"The Apple Daily headquarters was over five floors. At its peak, we had a newsroom of over 900 people," Lai said, adding: "They raided it twice. The first time, they sent 200 people there."

"Basically, 200 police rushed in, grabbed laptops, and made sure that nobody could work, nobody could touch any devices. The second time [they sent] 500 people," he said. 

"So, if you want to know what could happen to any business in Hong Kong ... that is a very good picture to look at before you make any decisions in terms of investments."

He said the risk of charges under a national security law imposed on the city by Beijing in the wake of the 2019 mass protests against diminishing freedoms means that the cost of doing business in the city has now risen sharply.

"The ability, like in Western countries, to speak out on anything you want has been massively limited," Lai said. "It's all well and great if you're going there for a holiday or whatnot, but in terms of a financial center ... you at least need the rule of law and some semblance of free speech, and that's not the case there."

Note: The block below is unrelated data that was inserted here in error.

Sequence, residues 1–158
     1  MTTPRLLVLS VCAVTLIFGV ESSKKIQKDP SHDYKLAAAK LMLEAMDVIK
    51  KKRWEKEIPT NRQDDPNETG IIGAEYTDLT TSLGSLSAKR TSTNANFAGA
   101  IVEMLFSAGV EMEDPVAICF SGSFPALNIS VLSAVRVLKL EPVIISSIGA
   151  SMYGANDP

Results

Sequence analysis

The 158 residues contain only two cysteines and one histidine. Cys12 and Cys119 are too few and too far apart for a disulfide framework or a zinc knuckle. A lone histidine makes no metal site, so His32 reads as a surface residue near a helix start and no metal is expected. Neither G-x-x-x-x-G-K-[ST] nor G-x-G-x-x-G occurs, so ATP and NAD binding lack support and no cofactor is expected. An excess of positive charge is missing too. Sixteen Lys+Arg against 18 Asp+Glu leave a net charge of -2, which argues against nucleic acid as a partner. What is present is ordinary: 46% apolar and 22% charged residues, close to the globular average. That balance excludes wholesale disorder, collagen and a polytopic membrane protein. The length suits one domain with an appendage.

Trying to lure talent

Lai's comments came as the Hong Kong authorities try to boost investor interest in Hong Kong, seeking to attract fresh talent and visitors with new visa schemes and free plane tickets in a bid to counteract a mass exodus of middle-class and wealthy people in the wake of the national security law crackdown.

"It's just a very dark time for a financial center," Lai said. "How long can you keep being a financial center if people aren't allowed to speak up ... or if people are jailed for liking social media posts, and unfair sentences are handed out left and right?"